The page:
The Webster dictionary writes that the definition of resilience is “the ability of something to return to its original shape after it has been pulled, stretched, pressed, bent, etc.” I understand that this is a scientific definition, but it is not far off when applying the word “resilience” to service in the Peace Corps.
I came into Peace Corps three weeks out of college not unlike many of you, with ideas that I was going to change the world and leave my mark. I dreamed of a family abroad and of a community waiting to work hard. What I found in Year One was a test to stay positive!
The laundry list goes something like this… I have moved host families three times, and I was violently robbed, which led to depression and paranoia, which led to a Medivac. I had a parasite for 6 months causing over 50 pounds of rapid weight loss. Work did not exist, so most recently I packed up my belongings and embarked on a journey over 12 hours to move sites, only to get to the new town unexpectedly homeless. In my opinion “pulled, stretched, pressed, and bent” would be a pretty accurate description of the first half of my service.
So how do you “return to its original shape”? You decide to be resilient. I decided to be resilient. Staying positive is a choice that we have the agency to make. Seeking support from Peace Corps staff and other volunteers, exercising, reading, dancing… whatever it is, we have the resources to fuel positive energy.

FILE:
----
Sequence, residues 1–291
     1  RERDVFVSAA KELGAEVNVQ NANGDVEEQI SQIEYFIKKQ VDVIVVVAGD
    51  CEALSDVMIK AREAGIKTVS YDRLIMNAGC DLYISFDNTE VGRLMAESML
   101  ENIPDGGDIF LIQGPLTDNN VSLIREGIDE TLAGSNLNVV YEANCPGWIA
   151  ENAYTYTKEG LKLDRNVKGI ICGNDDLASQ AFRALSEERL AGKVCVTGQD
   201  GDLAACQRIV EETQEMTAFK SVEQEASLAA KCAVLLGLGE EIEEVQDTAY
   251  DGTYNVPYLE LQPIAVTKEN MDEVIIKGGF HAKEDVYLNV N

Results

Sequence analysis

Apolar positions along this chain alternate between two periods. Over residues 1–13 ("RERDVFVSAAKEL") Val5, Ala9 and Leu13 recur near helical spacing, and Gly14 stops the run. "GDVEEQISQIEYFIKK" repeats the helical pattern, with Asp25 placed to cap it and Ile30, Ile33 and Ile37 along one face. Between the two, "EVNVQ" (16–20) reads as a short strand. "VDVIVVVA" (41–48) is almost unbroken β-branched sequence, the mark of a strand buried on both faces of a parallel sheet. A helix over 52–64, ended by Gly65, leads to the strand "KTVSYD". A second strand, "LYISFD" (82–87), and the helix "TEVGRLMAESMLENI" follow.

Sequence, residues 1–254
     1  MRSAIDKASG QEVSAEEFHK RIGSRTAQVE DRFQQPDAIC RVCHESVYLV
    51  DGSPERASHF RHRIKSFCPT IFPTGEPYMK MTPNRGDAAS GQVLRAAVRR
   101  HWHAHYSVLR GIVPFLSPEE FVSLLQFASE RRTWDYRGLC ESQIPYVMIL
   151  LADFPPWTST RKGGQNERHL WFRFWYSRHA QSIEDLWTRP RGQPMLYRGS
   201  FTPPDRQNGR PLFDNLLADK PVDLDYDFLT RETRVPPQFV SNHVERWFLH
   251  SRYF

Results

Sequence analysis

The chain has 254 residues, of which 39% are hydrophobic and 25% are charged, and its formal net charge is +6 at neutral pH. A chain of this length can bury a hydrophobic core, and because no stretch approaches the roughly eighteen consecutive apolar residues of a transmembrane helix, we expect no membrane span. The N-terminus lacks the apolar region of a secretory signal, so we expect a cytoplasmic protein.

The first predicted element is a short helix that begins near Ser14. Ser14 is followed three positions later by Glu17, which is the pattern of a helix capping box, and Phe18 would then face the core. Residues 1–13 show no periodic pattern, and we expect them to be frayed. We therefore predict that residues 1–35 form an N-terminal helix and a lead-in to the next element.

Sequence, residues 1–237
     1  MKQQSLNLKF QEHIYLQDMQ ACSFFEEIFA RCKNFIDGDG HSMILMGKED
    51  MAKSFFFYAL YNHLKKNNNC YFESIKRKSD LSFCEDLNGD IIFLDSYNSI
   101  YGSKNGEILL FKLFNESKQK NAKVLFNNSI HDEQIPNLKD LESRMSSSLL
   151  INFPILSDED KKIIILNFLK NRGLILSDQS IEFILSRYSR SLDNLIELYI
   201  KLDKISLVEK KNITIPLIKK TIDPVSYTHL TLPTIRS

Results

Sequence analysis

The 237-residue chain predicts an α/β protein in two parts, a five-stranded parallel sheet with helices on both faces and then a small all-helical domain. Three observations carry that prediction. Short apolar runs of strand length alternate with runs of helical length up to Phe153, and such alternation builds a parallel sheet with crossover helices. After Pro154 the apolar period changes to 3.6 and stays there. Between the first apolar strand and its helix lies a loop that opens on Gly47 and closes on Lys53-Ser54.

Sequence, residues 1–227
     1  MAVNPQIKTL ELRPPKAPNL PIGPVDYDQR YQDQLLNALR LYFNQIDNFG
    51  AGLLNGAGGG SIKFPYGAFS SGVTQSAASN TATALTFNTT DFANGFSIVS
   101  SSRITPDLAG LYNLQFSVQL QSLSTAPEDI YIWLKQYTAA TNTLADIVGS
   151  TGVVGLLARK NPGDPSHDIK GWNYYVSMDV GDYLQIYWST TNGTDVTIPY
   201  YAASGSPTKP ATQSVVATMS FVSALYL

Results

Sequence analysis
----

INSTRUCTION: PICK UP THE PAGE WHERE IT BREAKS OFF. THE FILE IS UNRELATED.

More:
I decided to start small. It started something like this; “Today I am thankful for the woman who sells bananas. The greeting of “amiguita” when I walk up to her stand and the free banana she sneaks into my bag as she whispers, “so you’ll keep coming back.”
It eventually grew to this, “Today I am grateful for being given a desk in the office of Desarrollo Económico on my third day in the new site.” In the little over two months I have been in my new site I have completed a Youth Entrepreneurship class with over 40 high school seniors, started business consulting with a restaurant, promoted community banks with nine different Vaso de Leche groups, and implemented a reading club with the most adorable group of primaria kids.
For the first year of service the hardest part was waking up every morning and deciding it was worth it to stay. Now two months into year two the hardest part of service is watching the calendar get closer and closer to COS and thinking about how much I still want to get done!
“Life doesn’t get easier or more forgiving, we get stronger and more resilient.” –Steve Maraboli